Using Multi-Stakeholder Perspectives to Enhance Integration of Mobile Technology for Students with Communication Needs



mobile apps, children with communication needs, speech language pathologist, teacher, education, assistive technology


Digital technology is increasing rapidly in educational environments for students. Teachers, special educators and speech-language pathologists (SLPs) are adopting and using mobile applications creating a demand for robust apps that support evidence-based practice, and can be integrated flexibly into a variety of environments with diverse populations and their specific educational goals. SLPs are not only using mobile technology in practice, but contributing to the design of mobile applications (apps) by influencing the design of apps, and by designing apps themselves. This chapter explores how SLPs implement, design and develop effective speech therapy apps using perspectives from multiple stakeholders including teachers, students, clinicians, parents, technologists, and institutions. These insights and processes were gathered using 50 semi-structured interviews with SLPs, SLP app designers, and designers, which were transcribed, coded, and analyzed via template analysis and thematic analysis. From the data, teachers and key stakeholders will be able to generalize and apply the information to their classroom and students.

Author Biographies

Kathryn Lubniewski, Monmouth University

Kathryn Lubniewski, Ed.D., is an Associate Professor in Special Education at Monmouth University. She earned a doctorate from West Virginia University in special education. Her B.S. in multi-disciplinary studies and M.A. in elementary education were also from West Virginia University. She acquired additional certification in multi-categorical special education and early childhood education. Her current scholarship focuses on educational impacts of the COVID-19 pandemic and the design and implementation of educational apps for students with communication disorders.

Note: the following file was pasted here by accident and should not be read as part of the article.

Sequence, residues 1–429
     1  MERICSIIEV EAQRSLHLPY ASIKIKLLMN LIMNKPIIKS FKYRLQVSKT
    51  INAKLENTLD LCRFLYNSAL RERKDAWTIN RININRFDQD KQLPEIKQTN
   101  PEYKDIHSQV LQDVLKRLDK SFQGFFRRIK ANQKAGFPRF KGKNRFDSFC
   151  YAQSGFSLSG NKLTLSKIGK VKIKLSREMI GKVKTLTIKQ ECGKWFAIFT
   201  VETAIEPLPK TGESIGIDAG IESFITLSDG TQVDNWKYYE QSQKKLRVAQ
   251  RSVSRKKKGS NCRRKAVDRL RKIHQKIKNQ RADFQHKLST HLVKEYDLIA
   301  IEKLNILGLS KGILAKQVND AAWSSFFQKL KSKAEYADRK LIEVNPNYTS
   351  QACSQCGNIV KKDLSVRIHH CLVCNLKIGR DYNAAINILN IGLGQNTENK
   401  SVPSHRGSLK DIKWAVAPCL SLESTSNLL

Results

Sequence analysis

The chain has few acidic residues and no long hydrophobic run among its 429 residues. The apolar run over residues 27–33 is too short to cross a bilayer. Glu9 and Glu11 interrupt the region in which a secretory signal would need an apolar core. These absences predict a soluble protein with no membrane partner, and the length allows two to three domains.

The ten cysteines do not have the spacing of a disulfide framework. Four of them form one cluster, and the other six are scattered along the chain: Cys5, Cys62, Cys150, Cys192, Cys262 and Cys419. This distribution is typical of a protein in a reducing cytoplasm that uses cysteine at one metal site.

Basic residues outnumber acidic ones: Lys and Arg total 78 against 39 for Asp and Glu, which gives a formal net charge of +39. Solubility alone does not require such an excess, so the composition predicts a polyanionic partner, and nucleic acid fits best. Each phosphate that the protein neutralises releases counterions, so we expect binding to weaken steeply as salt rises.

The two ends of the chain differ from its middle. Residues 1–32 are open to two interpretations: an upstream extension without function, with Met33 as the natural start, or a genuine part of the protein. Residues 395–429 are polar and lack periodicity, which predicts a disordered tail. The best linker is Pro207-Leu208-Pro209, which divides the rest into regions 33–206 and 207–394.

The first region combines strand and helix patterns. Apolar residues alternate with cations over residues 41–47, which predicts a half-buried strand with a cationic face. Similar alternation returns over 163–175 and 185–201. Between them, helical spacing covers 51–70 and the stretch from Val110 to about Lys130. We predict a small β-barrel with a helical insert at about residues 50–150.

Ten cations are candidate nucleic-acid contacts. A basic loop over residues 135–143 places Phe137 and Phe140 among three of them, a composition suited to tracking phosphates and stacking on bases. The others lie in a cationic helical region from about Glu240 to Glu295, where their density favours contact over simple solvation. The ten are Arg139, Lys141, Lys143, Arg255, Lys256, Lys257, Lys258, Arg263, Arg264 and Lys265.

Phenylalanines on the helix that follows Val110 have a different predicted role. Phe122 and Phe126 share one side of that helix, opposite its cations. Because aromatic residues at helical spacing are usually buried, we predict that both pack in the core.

Lori Price

Lori Price, MA CCC-SLP is a speech and language pathologist in private practice in Washington State. Her research interests include the use of technology in clinical practice, and the impact of communication disorders on voice-activated customer service tools.

Yao Du, University of Southern California

Yao Du, Ph.D., CCC-SLP, is a Clinical Assistant Professor in the Department of Speech-Language Pathology at the Caruso Department of Otolaryngology-Head and Neck Surgery at the Keck School of Medicine, University of Southern California. She is a bilingual Mandarin-English speaking speech-language pathologist who has worked with pediatric and geriatric clients in schools, private practices, hospitals (inpatient and outpatient), skilled nursing facilities, and home health. She also provides consulting for digital health startup companies to develop digital diagnostic and assistive technology tools for children and adults with disability. Her research interests include the design and development of educational and mobile health technology for pediatric speech-language therapy, the design and implementation of voice-assisted technology during telepractice, and telepractice assessment for bilingual and neurodiverse children.

Nikita Soni, University of Illinois Chicago

Nikita Soni, Ph.D. is an Assistant Professor in the Department of Computer Science at the University of Illinois Chicago (UIC). Her research interests include Human-Computer Interaction, Child-Computer Interaction, Education Technology, and Computer-Supported Collaborative Work.



How to Cite

Lubniewski, K., Price, L., Du, Y., & Soni, N. (2023). Using Multi-Stakeholder Perspectives to Enhance Integration of Mobile Technology for Students with Communication Needs. ISTES BOOKS, 175–230. Retrieved from



Technology-Enhanced Learning Environments in Education